DISCOVERING THE POWER AND CHALLENGES OF COLLECTIVE LEADERSHIP IN NEW MEXICO.
Eastern Cibola County, N.M. is home to one of the oldest inhabited villages in the continental United States. The relationship between the Laguna and Acoma pueblos and the two nearby historic Hispanic land grant communities— Cebolleta and Cubero— spans hundred of years. The governments of Spain and Mexico had an administrative presence in the region before the U.S. government established itself there in 1848. Consequently, the relationships between the diverse communities here are as complex in character and purpose as the patterns found in the region’s woven textiles.

Today, long-waged disputes over land, territory and culture persist. Still, the region has a longstanding history of diverse peoples living and working together around issues of trade, commerce and more. This history of cooperation provides the raw material for the organizational effort Kellogg Leadership for Community Change fellows are putting forth here to create better educational opportunities for the region. It is an organizational effort in which people are learning to effectively mesh styles of shared leadership that are familiar to them with the less familiar styles of other groups to achieve common objectives.

When Gil Sanchez, executive director of the Pueblo of Laguna Department of Education, convened the Laguna-Acoma Task Force in 1993, his aim was to work toward building a much-needed, new high school to serve the region’s four distinct communities. The new campus will open in January, but that is not where the work will end. The KLCC grant, which was awarded in the fall of 2002, has provided additional resources for the pueblo to improve the system-wide curriculum, and focus on youth development, boosting community expectations and interschool collaboration. The grant also has served as a catalyst for the pueblo to focus on bringing about long-term systemic change.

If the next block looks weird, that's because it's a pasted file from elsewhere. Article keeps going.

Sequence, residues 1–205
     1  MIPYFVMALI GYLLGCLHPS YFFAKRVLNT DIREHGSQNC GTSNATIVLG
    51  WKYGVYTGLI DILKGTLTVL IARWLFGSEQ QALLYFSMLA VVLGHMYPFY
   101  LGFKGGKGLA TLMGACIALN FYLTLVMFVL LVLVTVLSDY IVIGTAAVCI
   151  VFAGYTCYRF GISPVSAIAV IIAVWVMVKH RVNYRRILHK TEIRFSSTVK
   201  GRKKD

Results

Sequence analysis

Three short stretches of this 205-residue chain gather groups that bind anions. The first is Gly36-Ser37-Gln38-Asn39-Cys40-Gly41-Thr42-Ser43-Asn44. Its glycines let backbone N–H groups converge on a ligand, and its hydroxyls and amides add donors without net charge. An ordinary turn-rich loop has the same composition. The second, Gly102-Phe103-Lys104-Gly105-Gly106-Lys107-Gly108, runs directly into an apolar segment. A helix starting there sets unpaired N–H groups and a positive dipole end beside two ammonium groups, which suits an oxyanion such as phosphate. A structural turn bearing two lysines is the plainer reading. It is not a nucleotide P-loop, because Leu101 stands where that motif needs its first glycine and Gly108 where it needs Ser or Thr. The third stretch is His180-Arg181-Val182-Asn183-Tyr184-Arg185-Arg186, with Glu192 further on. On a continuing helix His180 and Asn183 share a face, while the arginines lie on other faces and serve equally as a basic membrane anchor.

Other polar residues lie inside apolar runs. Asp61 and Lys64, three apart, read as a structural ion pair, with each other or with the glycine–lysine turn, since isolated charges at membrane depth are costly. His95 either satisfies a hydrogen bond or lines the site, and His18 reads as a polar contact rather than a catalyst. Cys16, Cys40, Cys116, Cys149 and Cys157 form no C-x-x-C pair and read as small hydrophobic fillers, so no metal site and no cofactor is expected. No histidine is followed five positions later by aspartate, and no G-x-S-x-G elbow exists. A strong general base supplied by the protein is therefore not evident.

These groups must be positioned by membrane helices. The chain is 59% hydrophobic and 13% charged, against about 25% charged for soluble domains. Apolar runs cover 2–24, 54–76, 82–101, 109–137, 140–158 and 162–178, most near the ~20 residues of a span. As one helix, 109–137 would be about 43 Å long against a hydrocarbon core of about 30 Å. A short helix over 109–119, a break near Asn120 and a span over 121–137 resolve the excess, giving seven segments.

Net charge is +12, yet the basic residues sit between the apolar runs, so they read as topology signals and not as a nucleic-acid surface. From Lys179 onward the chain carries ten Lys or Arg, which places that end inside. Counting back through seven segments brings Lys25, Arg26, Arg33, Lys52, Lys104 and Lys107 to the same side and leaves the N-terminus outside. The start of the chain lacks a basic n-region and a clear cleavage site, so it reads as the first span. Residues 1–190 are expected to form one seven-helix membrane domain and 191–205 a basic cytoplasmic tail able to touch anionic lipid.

The organizational work of moving the educational initiative forward is based on the traditional governance framework of the Laguna people. As a member of the Laguna Pueblo, Sanchez’s approach to leadership is rooted in the Laguna tradition. Like other leadership frameworks of surrounding communities, the Laguna way emphasizes consensus building and treating all participants as equal partners.

“Gil Sanchez is definitely a leader who uses his skills one on one, in small group meetings, more behind the scenes,” says Phil Sittnick, KLCC coordinator for Eastern Cibola County Schools. “When people want to hear from him they’ll ask, otherwise he’s very silent, not directive in any way.”

Since Sanchez is the prime mover in this effort, it is the Laguna model that forms the foundation of this community’s approach to leadership. “I’m not leading the charge so much as trying to support ideas that people have,” Sanchez says. “The numbers show that we need improved education to turn out students for the world of work and higher education.”